Greece From 1909 to World War II
Sources: The Library of Congress Country Studies; CIA World Factbook
Eleutherios Venizelos, who became prime minister in 1910, thoroughly revamped Greece's economic and social institutions, although his modernization programs were interrupted by a series of wars between 1912 and 1922. The 1923 Treaty of Lausanne provided for the exchange of Greek and Turkish minorities, dramatically enlarging Greece's population. The institutional reforms of Venizelos, the new skills brought to Greece by refugees from Asia Minor, and increased domestic demand promoted another period of growth and industrialization. At the same time, refugee resettlement in Macedonia and Thrace introduced more productive agricultural practices (see The Interwar Struggles, 1922-36 , ch. 1).
The last Venizelos administration (1928-32) was another era of modernization in Greece's economic institutions. Financial reform included establishment of the Agricultural Bank of Greece and the Bank of Greece, which replaced the National Bank as bank of currency issue. These institutional changes aimed mainly at improving resource allocation and national policy making; however, they did not make the benefits of economic growth available to wider segments of the population. Widespread poverty persisted despite growth.
In 1931 the onset of the Great Depression ended Greece's interwar growth, which had not lasted long enough to bring about a permanent improvement in Greek economic structures. Greece had continued to depend to a large extent on agricultural exports and emigrant remittances for its foreign exchange. The decline of international trade and incomes in the 1930s hurt the Greek economy by reducing its foreign-exchange earnings. A new period of economic stagnation, together with persistent urban poverty, stimulated sharp class conflicts that fostered the growth of Greek communist militancy, widespread labor unrest, and finally the imposition of a fascist dictatorship in 1936.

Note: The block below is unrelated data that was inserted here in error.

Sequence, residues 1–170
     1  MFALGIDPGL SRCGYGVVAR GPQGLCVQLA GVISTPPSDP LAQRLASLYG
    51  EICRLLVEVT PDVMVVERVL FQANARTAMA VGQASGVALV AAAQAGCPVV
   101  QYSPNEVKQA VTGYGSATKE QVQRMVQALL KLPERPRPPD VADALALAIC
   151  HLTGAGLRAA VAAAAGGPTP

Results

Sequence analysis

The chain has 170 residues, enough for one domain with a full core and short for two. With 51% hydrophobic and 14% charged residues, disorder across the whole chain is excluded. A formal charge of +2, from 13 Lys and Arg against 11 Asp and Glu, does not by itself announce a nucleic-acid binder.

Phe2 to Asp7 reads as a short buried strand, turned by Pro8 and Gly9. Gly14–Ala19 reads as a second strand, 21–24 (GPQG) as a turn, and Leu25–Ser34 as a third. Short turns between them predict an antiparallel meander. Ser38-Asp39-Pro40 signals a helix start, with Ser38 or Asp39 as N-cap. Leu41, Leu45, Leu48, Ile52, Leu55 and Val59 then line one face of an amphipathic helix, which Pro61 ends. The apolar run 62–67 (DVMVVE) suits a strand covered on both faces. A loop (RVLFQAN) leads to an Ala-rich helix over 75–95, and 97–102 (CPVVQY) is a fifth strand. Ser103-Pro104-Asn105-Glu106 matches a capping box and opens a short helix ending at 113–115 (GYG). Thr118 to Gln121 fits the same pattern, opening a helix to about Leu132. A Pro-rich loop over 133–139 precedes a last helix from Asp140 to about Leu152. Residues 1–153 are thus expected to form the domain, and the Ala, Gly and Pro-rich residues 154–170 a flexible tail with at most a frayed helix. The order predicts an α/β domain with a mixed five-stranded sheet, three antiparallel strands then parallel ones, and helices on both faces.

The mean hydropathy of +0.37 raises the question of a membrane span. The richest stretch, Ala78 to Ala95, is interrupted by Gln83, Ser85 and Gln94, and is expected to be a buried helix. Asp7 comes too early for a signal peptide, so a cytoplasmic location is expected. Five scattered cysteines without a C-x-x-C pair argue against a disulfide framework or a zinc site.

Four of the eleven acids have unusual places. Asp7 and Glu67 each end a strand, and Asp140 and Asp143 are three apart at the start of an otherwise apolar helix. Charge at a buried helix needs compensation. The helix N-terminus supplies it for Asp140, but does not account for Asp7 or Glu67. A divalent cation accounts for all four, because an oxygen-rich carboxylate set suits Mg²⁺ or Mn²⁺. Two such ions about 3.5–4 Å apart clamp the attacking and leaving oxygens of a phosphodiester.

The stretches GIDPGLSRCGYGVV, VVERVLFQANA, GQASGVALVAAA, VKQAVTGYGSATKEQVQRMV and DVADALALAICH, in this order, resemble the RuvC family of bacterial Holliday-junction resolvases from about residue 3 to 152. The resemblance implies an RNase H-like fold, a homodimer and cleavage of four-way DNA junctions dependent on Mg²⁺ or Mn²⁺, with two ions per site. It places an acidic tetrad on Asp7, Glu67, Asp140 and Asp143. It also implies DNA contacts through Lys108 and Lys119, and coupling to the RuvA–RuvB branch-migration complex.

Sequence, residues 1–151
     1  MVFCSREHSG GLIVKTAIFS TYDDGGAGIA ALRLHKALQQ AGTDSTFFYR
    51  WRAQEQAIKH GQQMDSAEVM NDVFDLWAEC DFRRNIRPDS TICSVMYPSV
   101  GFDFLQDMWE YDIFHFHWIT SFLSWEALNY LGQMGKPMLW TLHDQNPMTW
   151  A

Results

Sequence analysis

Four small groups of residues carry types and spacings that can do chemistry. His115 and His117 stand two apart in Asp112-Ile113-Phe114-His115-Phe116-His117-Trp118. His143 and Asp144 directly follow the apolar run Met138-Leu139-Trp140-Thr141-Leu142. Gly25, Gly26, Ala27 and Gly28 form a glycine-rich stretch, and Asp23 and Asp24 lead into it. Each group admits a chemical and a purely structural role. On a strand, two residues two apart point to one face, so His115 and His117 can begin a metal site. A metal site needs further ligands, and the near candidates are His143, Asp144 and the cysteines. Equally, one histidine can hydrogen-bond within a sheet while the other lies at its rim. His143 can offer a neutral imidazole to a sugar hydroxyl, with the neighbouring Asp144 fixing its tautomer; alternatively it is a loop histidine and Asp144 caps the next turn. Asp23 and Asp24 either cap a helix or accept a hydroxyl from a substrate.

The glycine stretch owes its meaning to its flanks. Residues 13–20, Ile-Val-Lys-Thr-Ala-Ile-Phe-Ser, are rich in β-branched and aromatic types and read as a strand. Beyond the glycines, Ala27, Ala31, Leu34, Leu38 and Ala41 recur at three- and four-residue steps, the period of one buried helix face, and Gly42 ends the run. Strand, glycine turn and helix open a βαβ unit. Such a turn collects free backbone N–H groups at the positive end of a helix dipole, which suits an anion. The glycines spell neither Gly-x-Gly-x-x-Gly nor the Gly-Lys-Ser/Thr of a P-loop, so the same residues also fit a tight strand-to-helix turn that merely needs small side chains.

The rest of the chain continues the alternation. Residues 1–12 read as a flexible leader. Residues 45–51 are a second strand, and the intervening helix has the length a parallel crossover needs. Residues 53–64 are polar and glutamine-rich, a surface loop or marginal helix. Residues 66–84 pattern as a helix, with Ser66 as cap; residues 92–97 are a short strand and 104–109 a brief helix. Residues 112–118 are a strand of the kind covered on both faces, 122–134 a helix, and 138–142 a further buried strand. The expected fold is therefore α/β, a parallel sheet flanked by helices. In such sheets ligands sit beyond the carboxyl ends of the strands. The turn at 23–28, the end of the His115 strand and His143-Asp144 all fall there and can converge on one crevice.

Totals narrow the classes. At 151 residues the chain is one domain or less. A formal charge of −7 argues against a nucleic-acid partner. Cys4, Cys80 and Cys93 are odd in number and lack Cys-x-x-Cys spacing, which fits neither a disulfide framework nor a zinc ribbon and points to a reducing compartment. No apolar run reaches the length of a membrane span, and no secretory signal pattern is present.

The Nazi occupation and plunder of Greece between 1941 and 1944 devastated Greece's economy and suspended the foreign trade and agricultural output on which it depended heavily. The Nazis also forced the Greek treasury to pay huge amounts of "occupation expenses," which caused hyperinflation when new money was printed to meet the obligation. The stratification of wealth caused by hyperinflation and black markets during the occupation seriously hindered postwar economic development.
Data as of December 1994
NOTE: The information regarding Greece on this page is re-published from The Library of Congress Country Studies and the CIA World Factbook. No claims are made regarding the accuracy of Greece From 1909 to World War II information contained here. All suggestions for corrections of any errors about Greece From 1909 to World War II should be addressed to the Library of Congress and the CIA.